The idea that books are in decline is a myth.
In 1900, almost 11% of the population was illiterate, and a huge percentage of people couldn't afford books, which were still incredibly expensive. Today less than 1% of the (much larger) population is illiterate and the cost of books is cheaper than ever.
In almost every way, books are more consumed now than they have ever been. That is especially true after the rise of ebooks. More people both know how to read and can afford it. There are also, simply, a lot more people. Even if the total % of people who read is down, the population gains make up for it.
I'm very bullish on the future of books.
Chris Barnes says
Reading helped me find who I was, then slowly intertwined itself into my very substance. To stop reading would be like trying to breath without lungs. Narratives in games are getting better and I've always loved movies, but the sweetest oxygen still comes from stuffed paper.
Mieke Zamora-Mackay says
I think it's the stage you and your friends are in. Having children in the baby to toddler stage drains a lot out of you, physically and mentally. It's to the point that all your brain can really accommodate for entertainment are short articles and possibly binge watching. Once you guys move to the after 35-ish range, or where the children are in the 7 to 8 year old range, I believe you'll find more people reading books again.
Torre Deroche says
Like other commenters, I read / buy more books than ever now too. I have hope. Write on, writers.
Everyone I know is reading more, not less. They're reading books on e-readers, library books, books online, books in the public domain, tie-ins to movies (and books that inspired movies). People may be reading in different ways, but they're definitely still reading.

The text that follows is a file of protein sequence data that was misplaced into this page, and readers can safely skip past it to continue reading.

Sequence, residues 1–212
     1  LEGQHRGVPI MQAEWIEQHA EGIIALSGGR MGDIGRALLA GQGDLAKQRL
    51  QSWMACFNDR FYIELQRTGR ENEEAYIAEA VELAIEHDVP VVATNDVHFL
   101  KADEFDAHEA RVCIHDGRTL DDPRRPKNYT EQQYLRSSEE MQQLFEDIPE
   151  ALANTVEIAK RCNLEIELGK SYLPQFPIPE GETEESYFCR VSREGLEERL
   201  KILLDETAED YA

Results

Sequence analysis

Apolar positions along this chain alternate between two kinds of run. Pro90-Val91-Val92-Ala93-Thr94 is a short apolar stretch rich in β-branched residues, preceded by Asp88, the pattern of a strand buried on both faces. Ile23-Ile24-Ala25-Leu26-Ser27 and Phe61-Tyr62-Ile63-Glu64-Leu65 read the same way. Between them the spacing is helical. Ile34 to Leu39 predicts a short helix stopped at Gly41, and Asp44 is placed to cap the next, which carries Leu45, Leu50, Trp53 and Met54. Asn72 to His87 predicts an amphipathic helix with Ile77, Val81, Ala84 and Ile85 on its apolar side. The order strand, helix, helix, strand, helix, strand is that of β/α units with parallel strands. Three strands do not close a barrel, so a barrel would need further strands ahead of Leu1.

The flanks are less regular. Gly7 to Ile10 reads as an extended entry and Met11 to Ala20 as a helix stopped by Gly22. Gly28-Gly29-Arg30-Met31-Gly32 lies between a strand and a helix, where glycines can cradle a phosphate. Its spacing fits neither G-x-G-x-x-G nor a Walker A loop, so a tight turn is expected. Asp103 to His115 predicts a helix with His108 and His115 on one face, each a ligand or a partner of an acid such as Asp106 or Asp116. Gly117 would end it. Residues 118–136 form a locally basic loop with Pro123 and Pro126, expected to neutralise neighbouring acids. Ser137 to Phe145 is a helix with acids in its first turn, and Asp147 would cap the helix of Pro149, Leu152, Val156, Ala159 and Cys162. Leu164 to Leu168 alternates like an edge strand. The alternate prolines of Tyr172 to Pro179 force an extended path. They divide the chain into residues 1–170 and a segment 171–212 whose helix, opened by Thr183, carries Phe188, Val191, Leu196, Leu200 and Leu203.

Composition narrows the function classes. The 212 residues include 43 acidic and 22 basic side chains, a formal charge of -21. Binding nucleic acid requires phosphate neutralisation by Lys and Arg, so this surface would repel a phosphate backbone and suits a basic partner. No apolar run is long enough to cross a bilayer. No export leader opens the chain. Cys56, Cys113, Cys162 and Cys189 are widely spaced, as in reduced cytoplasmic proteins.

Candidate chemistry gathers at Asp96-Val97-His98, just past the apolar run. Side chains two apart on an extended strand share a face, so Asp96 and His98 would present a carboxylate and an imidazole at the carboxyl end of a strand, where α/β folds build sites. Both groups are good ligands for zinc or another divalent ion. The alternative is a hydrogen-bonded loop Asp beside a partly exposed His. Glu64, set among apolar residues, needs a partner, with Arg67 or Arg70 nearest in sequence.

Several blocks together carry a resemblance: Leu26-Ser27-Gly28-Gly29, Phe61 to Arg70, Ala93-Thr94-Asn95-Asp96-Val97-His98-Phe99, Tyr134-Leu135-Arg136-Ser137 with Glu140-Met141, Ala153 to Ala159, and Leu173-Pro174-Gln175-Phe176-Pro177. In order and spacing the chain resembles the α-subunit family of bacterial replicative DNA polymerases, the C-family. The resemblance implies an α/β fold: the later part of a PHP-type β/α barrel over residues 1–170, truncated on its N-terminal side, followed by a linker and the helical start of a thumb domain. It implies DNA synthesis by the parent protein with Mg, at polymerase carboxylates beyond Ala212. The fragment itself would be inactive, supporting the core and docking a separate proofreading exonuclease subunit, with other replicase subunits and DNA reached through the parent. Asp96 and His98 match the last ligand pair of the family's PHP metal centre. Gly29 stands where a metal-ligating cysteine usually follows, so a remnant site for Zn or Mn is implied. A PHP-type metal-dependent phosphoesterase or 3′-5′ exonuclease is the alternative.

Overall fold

Maya Prasad says
Hard to say, really. My friends in the software industry don't read, never really have. Now I have more friends outside of that industry, and I know people who will at least read the latest hot novel even if they're not always reading. I think it depends on your circle, which is why overall stats are more helpful than anecdotes. In general, this industry needs to rely more on stats and less on out-of-date wisdom.
While I differ on your opinion about reading Ready Player One vs. playing a video game, I'm not seeing The End of Reading just yet. Like others have said, I see more people reading differently, on tablets and phones, for example. I know people who weren't readers before but when they bought their ipads they downloaded Kindle or Nook apps and bought books. I have friends who are moms who find reading on an ereader much easier while nursing (hold baby in one arm, ereader in another, or lies flat on a surface). I actually think it's enabling more people to read, though the QUANTITY of books read may not be the same as it used to now that we have movie-quality TV accessible at a button click.